Former George W. Bush chief of staff: Trump wrong about trade wars being 'easy to win'

Former George W. Bush chief of staff: Trump wrong about trade wars being 'easy to win'
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Joshua Bolten, who served as White House chief of staff in former President George W. Bush's administration, said on Sunday that President TrumpDonald John TrumpScarborough mocks 'Deflection Don' over transgender troop ban Pelosi condemns Trump's 'cowardly, disgusting' ban on transgender troops Trump moves to ban most transgender people from serving in military MORE is wrong to suggest that a trade war would be easy to win.

Bolten, now the president of the Business Roundtable, told “Fox News Sunday” host Chris Wallace that Trump's recent tweet calling for a tax on European Union (EU) cars suggests that he thinks a trade war is easy and winnable.

“It isn’t,” Bolton said. “Nobody wins a trade war, especially in these globalized days.”


“If the E.U. wants to further increase their already massive tariffs and barriers on U.S. companies doing business there, we will simply apply a Tax on their Cars which freely pour into the U.S.,” Trump tweeted on Saturday after the EU said it might impose tariffs if the U.S. imposes its steel and aluminum tariffs.

Trump announced last Thursday that he is imposing a 25 percent tariff on imported steel and a 10 percent tariff on imported aluminum.

After a wave of criticism, Trump responded that a trade war would be easy to win.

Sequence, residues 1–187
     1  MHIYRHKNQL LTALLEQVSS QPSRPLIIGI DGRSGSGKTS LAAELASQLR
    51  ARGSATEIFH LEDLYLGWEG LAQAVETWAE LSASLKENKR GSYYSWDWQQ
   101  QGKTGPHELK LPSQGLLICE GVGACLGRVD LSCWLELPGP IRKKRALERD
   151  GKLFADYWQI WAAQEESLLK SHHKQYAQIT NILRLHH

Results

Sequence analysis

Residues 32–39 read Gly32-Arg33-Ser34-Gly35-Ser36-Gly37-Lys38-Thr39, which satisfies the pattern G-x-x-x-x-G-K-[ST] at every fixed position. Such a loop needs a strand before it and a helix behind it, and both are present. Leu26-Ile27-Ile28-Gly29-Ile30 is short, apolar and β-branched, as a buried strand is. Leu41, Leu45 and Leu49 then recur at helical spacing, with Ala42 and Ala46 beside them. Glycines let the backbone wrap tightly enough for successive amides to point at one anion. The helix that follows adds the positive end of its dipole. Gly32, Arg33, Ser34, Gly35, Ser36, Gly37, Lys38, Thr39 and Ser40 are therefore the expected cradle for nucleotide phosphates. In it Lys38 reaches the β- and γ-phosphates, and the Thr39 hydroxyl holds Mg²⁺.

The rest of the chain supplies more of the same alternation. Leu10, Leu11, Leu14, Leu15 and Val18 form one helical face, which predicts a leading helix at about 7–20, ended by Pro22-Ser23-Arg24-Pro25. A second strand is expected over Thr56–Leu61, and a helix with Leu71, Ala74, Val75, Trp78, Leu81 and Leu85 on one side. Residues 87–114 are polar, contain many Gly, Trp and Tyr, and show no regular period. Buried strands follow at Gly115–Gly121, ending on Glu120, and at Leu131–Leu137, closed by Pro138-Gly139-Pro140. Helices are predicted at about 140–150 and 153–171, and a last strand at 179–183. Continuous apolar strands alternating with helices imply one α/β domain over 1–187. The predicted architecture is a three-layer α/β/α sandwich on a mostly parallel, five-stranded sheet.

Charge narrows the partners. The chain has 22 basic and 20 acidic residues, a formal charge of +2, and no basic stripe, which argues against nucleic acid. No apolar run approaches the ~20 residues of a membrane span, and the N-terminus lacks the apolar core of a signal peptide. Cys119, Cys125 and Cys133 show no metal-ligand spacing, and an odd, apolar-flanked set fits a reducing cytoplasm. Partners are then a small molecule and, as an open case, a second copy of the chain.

“When a country (USA) is losing many billions of dollars on trade with virtually every country it does business with, trade wars are good, and easy to win. Example, when we are down $100 billion with a certain country and they get cute, don’t trade anymore-we win big. It’s easy!” Trump tweeted on Friday.

However, many argue that the tariffs wouldn’t address the issues Trump is highlighting.

Bolten on Sunday criticized White House National Trade Council Director Peter Navarro, who had appeared on Wallace’s show earlier, for defending the tariffs.

“The remedy that Peter Navarro was pushing the president to impose doesn’t address the real problem, which is Chinese overcapacity,” Bolten said on Sunday.

“We have to get together with our friends and allies who all face the same problems, put pressure on the Chinese jointly, because you can’t do this individually, and force the Chinese to reform their practices,” Bolten told Wallace.

“It is not an easy task. It is not as easy as waving your hands and putting tariffs on a bunch of countries that are not the problem,” Bolten said.